It's been well documented that the blues spawned rock 'n' roll. The American racial dynamic in the late-1940s through early-1960s made mainstream exposure and appeal for music rooted deeply in African American culture and society nearly impossible. Before the music's wild sensuality could reach TV audiences, it needed to be neutered. (Okay, those links are anachronistic, but the later recording is actually the original version.) In England, young white musicians gravitated to the music of black America, learned the instruments, and made their own music, albeit liberally borrowing or outright stealing songs from the music's original authors. Once the Beatles, the Rolling Stones, the Birds, and others hit America, previously marginalized rock 'n' roll music been sufficiently laundered for mainstream audiences that it even allowed for a return to its original raunchiness.

A similar repurposing process has been happening with the Anglo-American evolution of ales over the past few decades. Ale - beer made at higher temperatures with "top fermenting" yeast (as opposed to lagers) - has always dominated the British Isles, and historically ales were a major part of the American brewing tradition. Following the dark days of Prohibition, the brewing industry consolidated around continental-style lagers. It wasn't until the development (primarily at Oregon State University) of new strains of piney, citrusy, and resinous hops like Cascade, Centennial, and Columbus ("the three Cs") that American craft brewers had their own distinctive ingredient. Due to the clean break in brewing tradition, however, American brewers turned to Anglos for lessons in brewing procedures and ingredient quality to make their own amazing ales.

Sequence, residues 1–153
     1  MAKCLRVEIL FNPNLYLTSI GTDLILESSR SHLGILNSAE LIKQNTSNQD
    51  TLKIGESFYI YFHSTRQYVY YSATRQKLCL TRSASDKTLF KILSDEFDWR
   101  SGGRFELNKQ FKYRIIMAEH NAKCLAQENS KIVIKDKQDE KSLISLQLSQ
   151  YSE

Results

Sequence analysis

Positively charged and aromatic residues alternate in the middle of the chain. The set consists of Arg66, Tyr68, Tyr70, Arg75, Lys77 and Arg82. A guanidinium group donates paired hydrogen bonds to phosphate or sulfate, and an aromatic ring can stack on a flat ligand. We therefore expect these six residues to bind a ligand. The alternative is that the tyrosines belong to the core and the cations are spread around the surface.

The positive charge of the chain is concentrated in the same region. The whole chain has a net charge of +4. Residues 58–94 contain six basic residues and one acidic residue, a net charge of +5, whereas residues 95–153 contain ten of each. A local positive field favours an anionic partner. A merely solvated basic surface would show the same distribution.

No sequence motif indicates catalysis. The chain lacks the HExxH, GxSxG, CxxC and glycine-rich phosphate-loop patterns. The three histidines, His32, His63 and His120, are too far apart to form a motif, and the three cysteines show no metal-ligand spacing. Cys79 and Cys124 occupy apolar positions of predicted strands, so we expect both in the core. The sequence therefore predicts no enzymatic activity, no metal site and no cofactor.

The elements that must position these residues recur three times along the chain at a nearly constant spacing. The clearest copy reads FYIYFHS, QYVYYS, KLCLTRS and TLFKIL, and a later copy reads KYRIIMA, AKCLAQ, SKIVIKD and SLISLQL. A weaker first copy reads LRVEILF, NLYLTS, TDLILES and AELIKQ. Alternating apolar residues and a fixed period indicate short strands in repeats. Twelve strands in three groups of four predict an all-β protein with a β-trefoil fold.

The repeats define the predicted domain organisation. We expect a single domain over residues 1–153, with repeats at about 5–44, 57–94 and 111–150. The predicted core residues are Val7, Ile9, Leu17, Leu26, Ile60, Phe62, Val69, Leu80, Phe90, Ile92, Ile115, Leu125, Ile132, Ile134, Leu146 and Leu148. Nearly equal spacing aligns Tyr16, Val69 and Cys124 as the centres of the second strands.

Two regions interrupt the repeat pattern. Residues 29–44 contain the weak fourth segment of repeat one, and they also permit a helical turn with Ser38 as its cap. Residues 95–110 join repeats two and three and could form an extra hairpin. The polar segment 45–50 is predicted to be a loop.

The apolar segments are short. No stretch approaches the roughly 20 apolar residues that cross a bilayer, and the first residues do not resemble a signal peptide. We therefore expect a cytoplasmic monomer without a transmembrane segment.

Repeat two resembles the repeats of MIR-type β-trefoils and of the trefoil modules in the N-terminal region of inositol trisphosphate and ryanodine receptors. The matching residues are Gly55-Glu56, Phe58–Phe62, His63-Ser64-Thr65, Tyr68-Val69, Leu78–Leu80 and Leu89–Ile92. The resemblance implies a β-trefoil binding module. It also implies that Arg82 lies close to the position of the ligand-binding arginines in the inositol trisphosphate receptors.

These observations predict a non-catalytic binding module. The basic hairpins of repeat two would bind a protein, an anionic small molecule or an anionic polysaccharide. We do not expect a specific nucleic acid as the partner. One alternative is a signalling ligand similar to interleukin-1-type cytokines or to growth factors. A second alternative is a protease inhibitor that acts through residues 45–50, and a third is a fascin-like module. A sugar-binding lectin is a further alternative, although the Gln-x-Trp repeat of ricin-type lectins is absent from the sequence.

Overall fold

In 1980 Sierra Nevada pioneered a new style of beer, the American pale ale featuring the Cascade hop, which spawned the American craft beer revolution. It must be noted that Fritz Maytag III saved the Anchor Brewing Company from closing by purchasing it in 1965, running it at a loss until the 1980s. But it was Sierra's aggressive approach to bitterness - not Anchor's traditional California common or Steam Beer - that spawned a revolution that created a market for hoppy beers in America. As American craft breweries have grown and explored new styles, they have helped develop a distinctly American beer palate, one that craves bitter beers, often to the "extreme" by conventional English standards.

Today, the reverberations of the American craft beer revolution are making their way across the pond. Breweries like Scotland's BrewDog, Denmark's Mikkeller, and many more are challenging convention while explicitly exploring American-inspired experiments in alpha-acidity and other extreme concoctions. Will this create a mainstream market for hoppy, extreme beers in Britain (and the Continent) similar to the way the British Invasion paved the way for the Grateful Dead? There is no telling, especially since high-quality ales don't travel across the Atlantic as easily (or economically) as records once did, even with American-inspired hopping rates. Nonetheless, I can still hold onto my hope for an extreme beer tour of America by English brewers one day.

- Morning Brewer

PS (Pairing Suggestion):

I'm building this pairing around the brown ale, of course! Either English or American, would be fine. (The Belgians do brown ales, too - regular or sour - but that's a whole 'nother ball of wax!) The difference is that the English versions showcase a nutty, toasty, toffee-like malt flavor and aroma. American version is slightly hoppier (both in aroma and bitterness), typically stronger, and are more likely to showcase caramel and chocolate in the malt profile. But one thing is for sure - they're all brown!!